Brian’s oldest child, Amani, was 12 years old when his dad was diagnosed with young onset Parkinson’s disease. Amani is a student at Portland State University and works with an organization that helps people experiencing houselessness in Portland, Oregon. Amani also supports his dad and volunteers with the Brian Grant Foundation.

Brian Grant

During his 12‐year NBA career, Brian played for five teams and became a strong contributor to his surrounding communities. In 2006, Brian retired from professional basketball. Only two years later, he was diagnosed with young onset Parkinson’s disease at age 36. He started the Brian Grant Foundation to help people with Parkinson’s lead fulfilling lives.

Amber Hesford

In 2018, Amber was diagnosed with young onset Parkinson’s disease. Amber is an advocate for people with Parkinson’s; she uses dark humor and sarcasm to increase awareness of living with young onset PD through her wildly followed TikTok page @notthefakeamber. She is a “boy mom” with two sons who lives in El Paso, TX.

Katrina Kahl

Katrina is the executive director of the Brian Grant Foundation. She has nearly two decades of experience in public health, including a previous role at The Michael J. Fox Foundation for Parkinson’s Research, where she met Brian. Katrina holds a Master of Public Health from the University of California, Berkeley and a Bachelor of Science (High Honors) in Biology from Portland State University.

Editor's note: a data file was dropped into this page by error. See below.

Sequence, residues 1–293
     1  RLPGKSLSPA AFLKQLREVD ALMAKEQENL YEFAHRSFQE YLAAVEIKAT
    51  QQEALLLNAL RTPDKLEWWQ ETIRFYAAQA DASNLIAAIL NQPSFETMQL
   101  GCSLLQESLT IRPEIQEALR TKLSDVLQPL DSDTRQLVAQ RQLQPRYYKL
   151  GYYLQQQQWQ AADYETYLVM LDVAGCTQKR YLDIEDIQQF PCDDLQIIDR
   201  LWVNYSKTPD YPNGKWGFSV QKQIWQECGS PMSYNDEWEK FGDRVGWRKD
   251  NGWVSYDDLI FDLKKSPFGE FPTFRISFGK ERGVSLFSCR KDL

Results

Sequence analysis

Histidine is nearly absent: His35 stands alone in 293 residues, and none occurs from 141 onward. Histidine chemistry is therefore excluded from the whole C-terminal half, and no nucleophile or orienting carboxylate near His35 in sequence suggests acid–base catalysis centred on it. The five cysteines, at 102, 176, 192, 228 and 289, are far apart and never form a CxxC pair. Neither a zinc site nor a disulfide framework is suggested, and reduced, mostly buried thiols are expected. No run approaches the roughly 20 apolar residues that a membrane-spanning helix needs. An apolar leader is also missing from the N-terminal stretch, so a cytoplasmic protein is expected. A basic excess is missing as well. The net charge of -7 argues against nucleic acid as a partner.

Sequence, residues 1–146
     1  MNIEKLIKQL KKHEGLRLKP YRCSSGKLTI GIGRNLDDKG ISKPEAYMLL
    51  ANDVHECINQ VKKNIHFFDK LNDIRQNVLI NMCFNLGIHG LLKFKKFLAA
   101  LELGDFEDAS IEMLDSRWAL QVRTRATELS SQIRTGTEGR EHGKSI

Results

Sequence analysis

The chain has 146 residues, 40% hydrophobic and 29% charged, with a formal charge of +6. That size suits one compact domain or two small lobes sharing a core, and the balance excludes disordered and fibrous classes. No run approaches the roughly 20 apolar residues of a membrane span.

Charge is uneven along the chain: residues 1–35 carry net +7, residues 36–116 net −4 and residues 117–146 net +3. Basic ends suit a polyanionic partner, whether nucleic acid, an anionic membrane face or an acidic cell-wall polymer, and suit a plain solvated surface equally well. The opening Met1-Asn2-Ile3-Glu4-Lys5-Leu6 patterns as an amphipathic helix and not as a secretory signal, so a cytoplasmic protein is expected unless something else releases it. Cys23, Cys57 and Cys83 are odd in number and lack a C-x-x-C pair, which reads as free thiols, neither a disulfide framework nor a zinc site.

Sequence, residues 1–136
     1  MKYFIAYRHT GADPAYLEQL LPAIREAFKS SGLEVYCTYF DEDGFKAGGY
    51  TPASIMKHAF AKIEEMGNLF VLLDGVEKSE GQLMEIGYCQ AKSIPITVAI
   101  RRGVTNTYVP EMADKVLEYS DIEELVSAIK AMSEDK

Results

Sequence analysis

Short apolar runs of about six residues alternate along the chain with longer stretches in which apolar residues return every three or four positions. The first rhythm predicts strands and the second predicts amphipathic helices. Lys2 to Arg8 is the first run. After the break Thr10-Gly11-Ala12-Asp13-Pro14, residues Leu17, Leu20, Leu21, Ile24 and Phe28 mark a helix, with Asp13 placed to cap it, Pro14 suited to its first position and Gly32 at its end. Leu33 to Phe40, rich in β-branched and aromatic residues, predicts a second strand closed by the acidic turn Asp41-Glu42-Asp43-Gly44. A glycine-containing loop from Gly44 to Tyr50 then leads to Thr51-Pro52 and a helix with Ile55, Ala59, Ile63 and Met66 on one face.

Heather Kennedy

Heather was diagnosed with young onset Parkinson’s disease in 2011. She is the founder of Kathleen Kiddo, an advocacy site offering resources and connection through candid and interactive presentations. An entertaining speaker known for her unique talks and film presentations about living well with Parkinson’s, Heather writes from her home near San Francisco, CA.

Kevin Kwok

An avid lifelong wannabe athlete, Kevin was diagnosed with Parkinson’s disease in his late 40s. In his early stages, he took control of his Parkinson’s with bold irreverence, optimism, and biting humor. As a self-proclaimed amateur “PD satirist,” he has been a speaker and patient advocate for various foundations and has been featured on programs and webcasts. Kevin is coming to grips with his life today as he enters this next stage of Parkinson’s by balancing daily ever-increasing challenges  (motor, non motor, societal) with longer term transparency and positivity on the reality of living with this disability.